Radioastronomers have launched an international initiative whose objective is the construction of a radiotelescope with a collective surface collectrice equivalent to one square kilometre. This instrument, named SKA (Square Kilometer Array), would allow astronomers to reach several objectives, such as determine the age of the universe (the period when the first stars were formed) and to understand the origin and evolution of cosmic magnetism. In addition to a collective surface of 1 km2, some of the other main constraints imposed upon the project by radioastronomers include the cost of development (fixed at 1 billion US$) and the coverage of the largest possible part of the sky (up to 60 degrees from zenith).

    Given that a unique surface of 1 km2 is practically impossible to achieve, the instrument will be composed of several individual stations linked by fiber optics to obtain an equivalent collective surface. Several countries (Australia, Canada, China, Europe and the United States) have developed concepts and Canada's contribution was proposed by a group of university and industry researchers, supervised by the Federal Radioastrophysics Observatory (A CNRC institute located in Penticton, B. C.).

    The concept, named LAR (Large Adaptative Reflector) is illustrated in the figures below and is composed of three elements:

    1. A low-curvature deformable parabolic reflector located near the ground. This reflector enables wabes to be reflected towards a focal point. It is actuated in such a way as to direct the curvature towards the part of the sky which one wishes to observe.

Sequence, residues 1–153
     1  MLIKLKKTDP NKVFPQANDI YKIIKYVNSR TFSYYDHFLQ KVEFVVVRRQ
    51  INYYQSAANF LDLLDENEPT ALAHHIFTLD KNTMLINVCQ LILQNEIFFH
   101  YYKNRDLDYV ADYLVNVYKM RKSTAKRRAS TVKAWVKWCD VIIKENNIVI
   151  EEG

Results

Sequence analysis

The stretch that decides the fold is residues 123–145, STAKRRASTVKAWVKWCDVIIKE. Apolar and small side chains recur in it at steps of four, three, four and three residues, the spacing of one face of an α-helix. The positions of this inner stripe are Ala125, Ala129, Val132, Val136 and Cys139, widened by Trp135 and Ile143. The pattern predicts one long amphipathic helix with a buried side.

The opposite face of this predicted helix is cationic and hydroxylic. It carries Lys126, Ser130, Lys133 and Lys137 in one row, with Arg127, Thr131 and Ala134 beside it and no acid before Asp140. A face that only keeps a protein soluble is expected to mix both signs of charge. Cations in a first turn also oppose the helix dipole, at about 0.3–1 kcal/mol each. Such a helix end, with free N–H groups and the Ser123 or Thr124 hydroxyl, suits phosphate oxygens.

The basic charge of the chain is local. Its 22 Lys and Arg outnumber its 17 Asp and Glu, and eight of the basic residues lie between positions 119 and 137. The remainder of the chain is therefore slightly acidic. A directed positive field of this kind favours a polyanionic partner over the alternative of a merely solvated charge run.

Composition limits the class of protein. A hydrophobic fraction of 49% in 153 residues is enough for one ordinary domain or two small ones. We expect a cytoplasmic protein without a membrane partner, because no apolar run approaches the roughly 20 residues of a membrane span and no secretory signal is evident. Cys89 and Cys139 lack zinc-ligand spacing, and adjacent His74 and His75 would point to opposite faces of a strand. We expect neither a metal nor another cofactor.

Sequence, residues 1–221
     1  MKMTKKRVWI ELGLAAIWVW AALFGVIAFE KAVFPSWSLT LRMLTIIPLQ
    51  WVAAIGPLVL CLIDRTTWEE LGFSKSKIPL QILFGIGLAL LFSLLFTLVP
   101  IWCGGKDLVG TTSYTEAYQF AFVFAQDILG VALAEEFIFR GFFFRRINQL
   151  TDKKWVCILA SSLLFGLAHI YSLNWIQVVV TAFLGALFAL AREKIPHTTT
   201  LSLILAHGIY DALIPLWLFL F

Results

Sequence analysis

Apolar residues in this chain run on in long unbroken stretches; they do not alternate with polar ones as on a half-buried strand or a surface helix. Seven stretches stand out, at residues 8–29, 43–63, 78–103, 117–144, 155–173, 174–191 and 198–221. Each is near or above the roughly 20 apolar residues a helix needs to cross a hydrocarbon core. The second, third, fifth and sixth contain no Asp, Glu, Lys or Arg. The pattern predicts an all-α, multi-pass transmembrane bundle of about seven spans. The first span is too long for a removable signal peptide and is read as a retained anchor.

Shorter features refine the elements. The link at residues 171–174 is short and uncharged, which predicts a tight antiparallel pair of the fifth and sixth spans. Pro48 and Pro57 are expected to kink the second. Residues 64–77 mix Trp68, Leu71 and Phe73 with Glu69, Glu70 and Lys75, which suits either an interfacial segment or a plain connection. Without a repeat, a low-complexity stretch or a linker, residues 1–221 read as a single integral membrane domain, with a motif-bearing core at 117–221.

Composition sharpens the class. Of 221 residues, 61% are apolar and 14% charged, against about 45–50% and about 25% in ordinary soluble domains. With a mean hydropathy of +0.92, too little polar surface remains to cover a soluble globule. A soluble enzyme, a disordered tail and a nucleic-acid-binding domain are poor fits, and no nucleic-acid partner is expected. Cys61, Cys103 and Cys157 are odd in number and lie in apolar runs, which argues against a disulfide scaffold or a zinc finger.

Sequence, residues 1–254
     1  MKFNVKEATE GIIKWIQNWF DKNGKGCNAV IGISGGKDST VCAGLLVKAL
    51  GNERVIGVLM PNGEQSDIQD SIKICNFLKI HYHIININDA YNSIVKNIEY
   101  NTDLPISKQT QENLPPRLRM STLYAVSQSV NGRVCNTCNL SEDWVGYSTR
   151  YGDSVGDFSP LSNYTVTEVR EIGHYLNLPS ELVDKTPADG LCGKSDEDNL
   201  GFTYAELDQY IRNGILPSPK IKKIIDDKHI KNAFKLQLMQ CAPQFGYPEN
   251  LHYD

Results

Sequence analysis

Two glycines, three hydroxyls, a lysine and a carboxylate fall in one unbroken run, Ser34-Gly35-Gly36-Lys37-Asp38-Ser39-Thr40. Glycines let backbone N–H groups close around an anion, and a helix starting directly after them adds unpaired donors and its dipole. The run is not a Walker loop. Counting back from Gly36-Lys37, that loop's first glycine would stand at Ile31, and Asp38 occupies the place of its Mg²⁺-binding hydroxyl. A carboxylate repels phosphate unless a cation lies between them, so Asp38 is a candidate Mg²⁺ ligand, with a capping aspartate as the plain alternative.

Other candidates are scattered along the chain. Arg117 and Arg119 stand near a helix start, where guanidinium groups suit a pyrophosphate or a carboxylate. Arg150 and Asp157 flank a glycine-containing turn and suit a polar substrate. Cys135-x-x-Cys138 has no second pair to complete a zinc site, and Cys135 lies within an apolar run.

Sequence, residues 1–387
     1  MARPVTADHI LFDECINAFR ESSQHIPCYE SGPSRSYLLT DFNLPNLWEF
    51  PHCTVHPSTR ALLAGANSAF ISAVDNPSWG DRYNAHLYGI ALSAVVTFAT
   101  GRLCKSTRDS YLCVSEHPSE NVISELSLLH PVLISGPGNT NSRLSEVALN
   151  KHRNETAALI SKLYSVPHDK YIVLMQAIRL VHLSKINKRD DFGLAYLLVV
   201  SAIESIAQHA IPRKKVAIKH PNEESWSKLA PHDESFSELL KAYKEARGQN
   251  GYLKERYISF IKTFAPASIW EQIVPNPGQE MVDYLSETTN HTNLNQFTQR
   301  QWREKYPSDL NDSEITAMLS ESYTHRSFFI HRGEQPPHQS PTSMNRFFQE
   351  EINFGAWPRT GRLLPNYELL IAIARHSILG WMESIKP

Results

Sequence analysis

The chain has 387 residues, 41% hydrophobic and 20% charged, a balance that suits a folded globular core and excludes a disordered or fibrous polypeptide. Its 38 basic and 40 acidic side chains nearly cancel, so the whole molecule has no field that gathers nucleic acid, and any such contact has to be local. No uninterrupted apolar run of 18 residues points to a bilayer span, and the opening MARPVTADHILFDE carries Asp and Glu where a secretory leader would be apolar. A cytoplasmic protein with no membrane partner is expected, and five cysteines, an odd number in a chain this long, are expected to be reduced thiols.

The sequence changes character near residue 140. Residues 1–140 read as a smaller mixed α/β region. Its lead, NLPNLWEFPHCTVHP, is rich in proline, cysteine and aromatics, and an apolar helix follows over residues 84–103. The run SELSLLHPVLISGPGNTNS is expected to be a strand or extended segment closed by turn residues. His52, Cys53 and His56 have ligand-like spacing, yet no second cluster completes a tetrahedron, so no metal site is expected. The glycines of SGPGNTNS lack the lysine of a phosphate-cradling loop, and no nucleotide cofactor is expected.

2. A radio receptor which must be positioned at the focal point to capture the signal coming from the reflected sky via a primary collector.
    3. A positioning mechanism capable of moving and orienting the radio receptor in accordance with the position of the focal point determined by the shape of the reflector.
    Fig. 1: Schematic representation of the LAR (click on the image to enlarge).
    Fig. 2: Artistic representation of the LAR (click on the image to enlarge).


    We are specifically interested in the third element, since it divides into sub-systems which act together, namely the principle manipulator (MP) and the confluence point mechanism (CPM). These two sub-systems are cable actuated parallel mechanisms. The MP is gigantic (at least 600 metres large) and maintain in tension with the help of a helium balloon. This manipulator roughly positions and orients the focal platform. The CPM, which is smaller (about 20 metres large) and much more precise, serves to correct the imperfections in positioning and orientation of the MP so as to achieve a precision of the order of a centimetre and less than one degree. This mechanism links the focal platform to the radio receptor.